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2010 Winter Olympics: Luge Medal Favorites

In the Winter Olympics, the Germans are always expected to win gold in the luge. They have dominated the sport for over ten years. Truthfully, there are only a few countries that have ever medaled in luge — Germany, Austria, Italy, Russia, and the United States. Take a look at some of the favorites from each of these countries.

Germany

Tatjana Hüfner has been dominating the sport for the last couple of years. She won Olympic bronze in 2006, she finished 2nd on the World Cup circuit in 2007, and then she won the World Luge Championship in both 2007 and 2008. In 2009, she finished the World Championship tournament in 6th position. This was the first time since 1997 that a German woman didn't win a World, Olympic, or European Championship match. She has definitely shown the potential for weakness, but she will be looking to prove herself in Vancouver.

Natalie Geisenberger is one of Germany’s best sliders. Although she is just 21 years old, she has already earned three World Championship medals and the gold at the 2008 European Championships.

Felix Loch is Germany's new rising star. In 2008, he won the World Champion title at just 18. He won again in the 2009 Championship. This was a great finish to a season in which he medaled in every race he entered.

David Möller is always in the running and is usually in the medals, but he has a hard time converting that talent into gold. Moller has finished three World Cup seasons with a silver, and he earned a silver at the World Championship. He is eager to prove that he can win when it counts the most.

Patric Leitner and Alexander Resch are the reigning World Cup Luge Champions, a title they’ve won four times. They’ve also won the World Cup title six times. But they finished a disappointing sixth at Torino, so they are planning to redeem themselves in Vancouver.

Austria

Nina Reithmayer is one of the most consistent racers on the circuit. She finished the 2008 season ranked 5th in the world. Since then, she has finished near the top in every race she's entered. This consistency might really help out at the Olympics — where the racers complete four runs instead of the two runs necessary for World Cup races.

The Linger brothers are the reigning Olympic champions. They have had a strong career, but they haven’t been as successful in recent years. They have dropped in international rankings down to third for past three years.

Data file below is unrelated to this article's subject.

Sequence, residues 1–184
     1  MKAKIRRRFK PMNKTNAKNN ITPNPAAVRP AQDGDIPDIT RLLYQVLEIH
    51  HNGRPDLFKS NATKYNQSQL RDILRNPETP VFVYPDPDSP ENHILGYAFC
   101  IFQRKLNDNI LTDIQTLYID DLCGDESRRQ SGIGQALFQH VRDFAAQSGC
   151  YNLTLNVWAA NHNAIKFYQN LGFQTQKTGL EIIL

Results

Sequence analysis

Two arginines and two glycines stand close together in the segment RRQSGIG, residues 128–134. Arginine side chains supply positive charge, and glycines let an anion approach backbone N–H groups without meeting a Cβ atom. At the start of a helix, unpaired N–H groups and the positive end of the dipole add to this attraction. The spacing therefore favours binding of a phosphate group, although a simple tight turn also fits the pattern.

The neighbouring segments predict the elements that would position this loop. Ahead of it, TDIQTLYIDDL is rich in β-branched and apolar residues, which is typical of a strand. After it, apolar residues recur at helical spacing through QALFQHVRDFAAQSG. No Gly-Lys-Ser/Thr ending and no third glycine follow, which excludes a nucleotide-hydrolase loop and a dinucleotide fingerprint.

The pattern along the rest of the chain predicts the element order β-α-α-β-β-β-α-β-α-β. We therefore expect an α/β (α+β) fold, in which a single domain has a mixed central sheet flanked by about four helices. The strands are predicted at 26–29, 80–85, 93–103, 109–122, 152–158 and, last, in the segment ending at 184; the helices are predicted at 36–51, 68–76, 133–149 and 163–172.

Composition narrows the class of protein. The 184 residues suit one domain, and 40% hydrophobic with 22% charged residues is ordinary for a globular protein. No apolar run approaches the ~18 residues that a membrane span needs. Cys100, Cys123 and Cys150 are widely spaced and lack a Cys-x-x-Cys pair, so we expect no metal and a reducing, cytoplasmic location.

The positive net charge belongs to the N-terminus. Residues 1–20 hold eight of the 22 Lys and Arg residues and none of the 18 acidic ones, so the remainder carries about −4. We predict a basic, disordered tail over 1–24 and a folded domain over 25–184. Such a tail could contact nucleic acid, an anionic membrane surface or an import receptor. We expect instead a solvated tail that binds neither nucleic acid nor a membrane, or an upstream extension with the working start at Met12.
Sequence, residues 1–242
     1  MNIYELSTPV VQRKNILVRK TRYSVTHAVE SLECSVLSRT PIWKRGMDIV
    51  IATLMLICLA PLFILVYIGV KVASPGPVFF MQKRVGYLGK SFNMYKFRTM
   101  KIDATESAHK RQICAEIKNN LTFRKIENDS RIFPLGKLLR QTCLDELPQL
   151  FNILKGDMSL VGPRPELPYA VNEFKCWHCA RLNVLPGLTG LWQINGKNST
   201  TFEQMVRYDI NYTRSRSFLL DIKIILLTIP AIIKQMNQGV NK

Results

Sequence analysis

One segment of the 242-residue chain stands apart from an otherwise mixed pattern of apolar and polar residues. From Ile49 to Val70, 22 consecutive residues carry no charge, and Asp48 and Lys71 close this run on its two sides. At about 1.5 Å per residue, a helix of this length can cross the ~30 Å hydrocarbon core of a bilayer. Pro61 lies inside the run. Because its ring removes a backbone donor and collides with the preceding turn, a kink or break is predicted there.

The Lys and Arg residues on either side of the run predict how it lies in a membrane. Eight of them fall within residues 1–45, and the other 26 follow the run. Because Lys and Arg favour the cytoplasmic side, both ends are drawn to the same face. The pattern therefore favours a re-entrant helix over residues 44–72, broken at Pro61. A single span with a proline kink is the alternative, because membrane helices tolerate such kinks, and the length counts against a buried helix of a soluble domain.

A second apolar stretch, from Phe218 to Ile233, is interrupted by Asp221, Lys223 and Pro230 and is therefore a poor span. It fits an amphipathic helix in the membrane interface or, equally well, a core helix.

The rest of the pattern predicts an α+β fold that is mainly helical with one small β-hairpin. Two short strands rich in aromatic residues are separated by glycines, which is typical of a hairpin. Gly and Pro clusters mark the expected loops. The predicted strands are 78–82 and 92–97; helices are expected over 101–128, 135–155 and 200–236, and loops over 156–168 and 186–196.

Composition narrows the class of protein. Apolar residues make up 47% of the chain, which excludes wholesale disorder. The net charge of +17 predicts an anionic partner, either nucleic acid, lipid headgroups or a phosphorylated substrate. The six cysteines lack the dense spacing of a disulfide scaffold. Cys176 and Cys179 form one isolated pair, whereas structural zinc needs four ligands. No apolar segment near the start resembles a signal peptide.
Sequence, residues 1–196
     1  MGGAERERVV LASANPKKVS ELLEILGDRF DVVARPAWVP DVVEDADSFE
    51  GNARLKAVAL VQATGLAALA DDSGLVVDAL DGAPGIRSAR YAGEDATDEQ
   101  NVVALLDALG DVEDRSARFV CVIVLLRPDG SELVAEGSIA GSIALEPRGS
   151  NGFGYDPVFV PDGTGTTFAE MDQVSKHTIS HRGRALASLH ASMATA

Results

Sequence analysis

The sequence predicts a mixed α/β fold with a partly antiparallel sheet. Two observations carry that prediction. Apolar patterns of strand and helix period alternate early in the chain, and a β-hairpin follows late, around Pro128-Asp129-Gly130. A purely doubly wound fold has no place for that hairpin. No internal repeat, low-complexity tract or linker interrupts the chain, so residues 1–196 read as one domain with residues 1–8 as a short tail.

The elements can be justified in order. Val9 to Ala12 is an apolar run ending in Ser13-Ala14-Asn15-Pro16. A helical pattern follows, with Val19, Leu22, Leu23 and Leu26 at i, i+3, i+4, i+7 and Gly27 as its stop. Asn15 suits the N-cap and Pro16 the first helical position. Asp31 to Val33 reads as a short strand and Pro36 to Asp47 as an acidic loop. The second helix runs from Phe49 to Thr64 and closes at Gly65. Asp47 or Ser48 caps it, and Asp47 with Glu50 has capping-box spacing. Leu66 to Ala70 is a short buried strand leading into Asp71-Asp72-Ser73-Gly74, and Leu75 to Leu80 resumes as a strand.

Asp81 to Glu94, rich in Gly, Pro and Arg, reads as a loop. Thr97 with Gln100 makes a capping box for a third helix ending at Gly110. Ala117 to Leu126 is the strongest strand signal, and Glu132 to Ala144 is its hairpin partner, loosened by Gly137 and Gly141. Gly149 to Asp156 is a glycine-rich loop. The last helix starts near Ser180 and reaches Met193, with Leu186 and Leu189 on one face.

Italy

Armin Zoeggeler, called "il cannibale" (the cannibal) by his fans, might have more experience than anyone else on the track in Vancouver. This will be his fifth Olympics (he’s already won four Olympic medals) and he’s been winning World Championship medals since 1994. With a silver medal at this season’s World Championships, he’s proven he still has what it takes.

Christian Oberstolz and Patrick Gruber have finished the last five years in the top three. They have competed in two Olympics, but were unable to medal. Oberstolz and Gruber have consistently performed well over time, and especially this year — they’ve already won four out of sever races this season. They will definitely be in the medals mix in Vancouver.

Gerhard Plankensteiner and Oswald Haselrieder won the bronze at the 2006 Olympics. Since then, they haven't finished a race in lower than 6th place and they are the reigning World Champions.

Russia

Albert Demtschenko is a veteran Russian slider. He’s competed in three Olympics (1994, 2002,and 2006), but he hasn’t been able to win the gold. He has won an Olympic silver medal, World Cup events, and even a World Cup Championship. He is likely to medal, the only question is what color will it be?

USA

Erin Hamlin is one of America’s best hopes for Olympic luge gold. She is the reigning World Champion. Even with the championship, she is not the favorite for the gold. Most experts consider her winning performance to have been a combination of luck and home track advantage, but it's been said that “anything can happen in luge.”

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